Dave Waterson, the chief executive of the Scottish Licensed Trade Association said he had seen these trends at work outside the pub – groups of young men playing golf together, but listening to their Ipods, rather than talking. Their lack of conversational skills are just as evident in the bar, he added.

“The sociability, the banter between people is diminishing,” said Mr Waterson. “I’ve worked in pubs where young people have come in, and when you say hello from the bar, they get a fright. Because nobody ever says anything to them.”

For Mr McIlvanney, the decline of conversation in the pub is part of a wider decline of “verbal culture” , though Prof O’Donnell is less pessimistic.

“People will always find something to talk about and there is no is no evidence that gossip has declined,” he said. “Although pubs have suffered a decline in conversation, fewer people go to pubs now. In the last 10 years or so there has been a huge growth in coffee houses. Many older people are probably going to Starbucks for a proper chat.”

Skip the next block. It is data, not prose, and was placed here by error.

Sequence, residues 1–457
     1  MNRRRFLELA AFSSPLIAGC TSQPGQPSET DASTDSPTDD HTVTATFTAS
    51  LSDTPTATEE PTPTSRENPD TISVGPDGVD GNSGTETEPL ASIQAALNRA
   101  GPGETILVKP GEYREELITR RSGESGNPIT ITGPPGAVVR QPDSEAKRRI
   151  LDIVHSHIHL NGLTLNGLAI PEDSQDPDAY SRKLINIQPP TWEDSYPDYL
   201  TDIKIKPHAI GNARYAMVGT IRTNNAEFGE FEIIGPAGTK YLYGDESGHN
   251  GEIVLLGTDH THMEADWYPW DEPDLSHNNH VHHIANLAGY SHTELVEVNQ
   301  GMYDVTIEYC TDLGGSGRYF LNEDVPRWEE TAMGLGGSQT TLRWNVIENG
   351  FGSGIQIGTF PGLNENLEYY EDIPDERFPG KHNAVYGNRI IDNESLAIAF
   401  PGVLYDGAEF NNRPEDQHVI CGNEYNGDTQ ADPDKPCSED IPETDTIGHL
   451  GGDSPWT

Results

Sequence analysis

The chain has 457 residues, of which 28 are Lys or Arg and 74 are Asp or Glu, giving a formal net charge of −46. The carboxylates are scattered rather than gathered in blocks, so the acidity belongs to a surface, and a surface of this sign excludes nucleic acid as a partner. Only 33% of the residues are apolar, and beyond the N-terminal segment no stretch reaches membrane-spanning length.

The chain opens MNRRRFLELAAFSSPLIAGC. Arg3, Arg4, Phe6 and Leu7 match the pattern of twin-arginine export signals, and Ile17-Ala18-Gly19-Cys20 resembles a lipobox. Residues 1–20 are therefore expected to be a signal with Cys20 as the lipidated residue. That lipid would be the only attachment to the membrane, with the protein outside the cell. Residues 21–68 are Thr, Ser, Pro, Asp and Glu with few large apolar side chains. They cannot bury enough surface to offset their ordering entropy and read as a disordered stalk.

A shorter version of this article appeared in Monday's Times. The pic I've lifted from The Scottish Patient, which is Kevin Williamson's excellent blog, detailing the ups and downs of his life following deserving causes - Hibernian FC and the Scottish Socialist Party. You can check it out here The Scottish Patient

Book review: People's Prince of Darkness

CHARMING, energetic and once universally loved for his brilliance in front of a TV camera, Adam Lang is a former British prime minister whose world is falling apart. Terrorist bombs are going off in London and he is holed up in a Martha's Vineyard mansion with his brainy wife Ruth and a bevy of secretaries and secret service men, fearing he is about to indicted for war crimes.